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I have a small dataset of 977 rows with a class proportion of 77:23.

For the sake of metrics improvement, I have kept my minority class ('default') as class 1 (and 'not default' as class 0).

My input variables are categorical in nature. So, the below is what I tried. Let's assume we don't have age and salary info

a) Apply encoding like rare_encoding and ordinal_encoding to my dataset

b) Split into train and test split (with stratify = y)

c) Apply SMOTE to resample the training data only.

However, my question is on how does SMOTE work/resample when there is only categorical variable like below

gender  degree    occupation    Country     status
 MALE    BE        ENGGINER      USA        default
 MALE    ME        RESEARCHER    UK         default
 FEMALE  BSc       Admin staff   NZ         default  
 FEMALE  MS        Scientist     sweden     default 

Now if my objective is to oversample minority sample using SMOTE, How will the above sample look like? Will they just randomly populate/shuffle gender, degree, occupation and country on different permutation and combinations?

Is there any simple explanation or tutorial that you can share for someone who likes to applying this technique?

My objective is to understand how does SMOTE work for categorical variables only dataset?

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    $\begingroup$ While this does not directly address your question, statisticians do not see class imbalance as such a problem, and there is no need to use artificial balancing to solve a non-problem. It might be helpful if you say why you find the imbalance problematic. stats.stackexchange.com/questions/357466 fharrell.com/post/class-damage fharrell.com/post/classification stats.stackexchange.com/a/359936/247274 stats.stackexchange.com/questions/464636 twitter.com/f2harrell/status/1062424969366462473?lang=en $\endgroup$
    – Dave
    Feb 20, 2022 at 11:35
  • $\begingroup$ @Dave - yes, agree. I did read the posts that you linked... but with imbalance, we see poor performance for minority class. So, instead of optimizing the threshold, i would like to see whether upsampling can work...because this is one of the widely used solutions to solve this problem by the ML community (mainly for prediction purpose). But yes, understand that statisticans dont agree with this $\endgroup$
    – The Great
    Feb 20, 2022 at 11:40
  • $\begingroup$ @Dave - I would also welcome any suggestions from you on why sampling shouldn't be done. Because I feel there is 2 group of people. One who focus on statistics etc and other group focuses on predictions. For example, these synthetic data generation approavhes are developed by researchers with some statistics background as well (from their papers). Since, all this is like experiments, am just trying dofferent aplroaches mainly to see whether it improves performance. If yes, its useful. If not, not useful for my case. $\endgroup$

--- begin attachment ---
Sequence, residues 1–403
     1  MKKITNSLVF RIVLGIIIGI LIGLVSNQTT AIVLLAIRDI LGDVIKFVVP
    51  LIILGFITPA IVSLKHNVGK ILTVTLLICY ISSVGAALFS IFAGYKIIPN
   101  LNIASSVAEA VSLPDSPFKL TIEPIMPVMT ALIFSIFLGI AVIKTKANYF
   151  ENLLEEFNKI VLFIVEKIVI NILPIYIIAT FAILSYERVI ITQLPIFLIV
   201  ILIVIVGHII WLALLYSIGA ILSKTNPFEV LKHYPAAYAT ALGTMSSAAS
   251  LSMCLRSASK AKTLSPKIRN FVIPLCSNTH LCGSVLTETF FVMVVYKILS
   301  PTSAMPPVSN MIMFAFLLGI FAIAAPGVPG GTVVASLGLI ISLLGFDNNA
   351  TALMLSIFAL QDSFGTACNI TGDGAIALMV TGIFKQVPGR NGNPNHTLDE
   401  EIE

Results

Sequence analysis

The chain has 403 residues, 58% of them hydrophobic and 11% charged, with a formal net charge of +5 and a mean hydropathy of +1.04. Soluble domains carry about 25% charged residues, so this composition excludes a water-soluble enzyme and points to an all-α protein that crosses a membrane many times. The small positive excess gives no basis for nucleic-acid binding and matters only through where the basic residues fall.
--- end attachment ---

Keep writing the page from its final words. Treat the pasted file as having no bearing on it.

– The Great
    Feb 20, 2022 at 12:17

1 Answer 1

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SMOTE itself wouldn't work well for a categorical only feature-set for a few reasons:

  1. It works by interpolating between different points. Depending on how the data is encoded, you might end up with some undefined class (when using one-hot encoding, you might end up with a point that is half of one class and half of another class), or you might end up with a correct class but it doesn't make any sense from an interpolation point of view (for example, if you encode for example the country on a numerical scale like 1 -> US, 2 -> UK, 3 -> NZ, but it doesn't make much sense to interpolate between US and NZ and end up in UK).
  2. SMOTE uses k-means to select points to interpolate between. If you encode your categorical features using one-hot-encoding, you typically end up with a lot of sparse dimensions (dimensions that most points take only the value 0 in). k-means typically won't perform very well in such a space, and points that are nearby in this space might not look a lot like each other.

What you can do is use a modification of the SMOTE algorithm, called SMOTE-N (see https://imbalanced-learn.org/dev/over_sampling.html#smote-variants), which works when all features are categorical. This modifies the SMOTE algorithm to

  1. Use a different interpolation method: selects the most common class of the nearest neighbors
  2. Use a different distance metric (Value Difference Metric) instead of Euclidean distance in the encoded space.

In that link this method is attributed to the original SMOTE paper (https://www3.nd.edu/~dial/publications/chawla2002smote.pdf) where it's found in Section 6.2. There is also SMOTE-NC which is a combination of SMOTE and SMOTE-N for data which has both numerical and categorical features.

For your example, let's say for some reason 3 of the points given: MALE ME RESEARCHER UK default FEMALE BSc Admin staff NZ default
FEMALE MS Scientist sweden default

are considere nearby each other and are used for interpolation. Then a possible added point by SMOTE-N would be:

  • FEMALE (because that's the majority class)
  • MS (all 3 classses have equal frequency, so a class is randomly picked)
  • RESEARCHER (idem to above)
  • NZ (idem to above)
  • default (majority class)
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  • $\begingroup$ thanks, upvoted for the help. So, for SMOTE or its variants (SMOTE-NC, SMOTE-N) to work, we definitely need a mix of numeric and categorical variables. There is no way we can upsample our data with only categorical variables? $\endgroup$
    – The Great
    Feb 20, 2022 at 14:27
  • $\begingroup$ SMOTE-N should work with only categorical variables, I'll clarify in the answer. $\endgroup$ Feb 20, 2022 at 14:30

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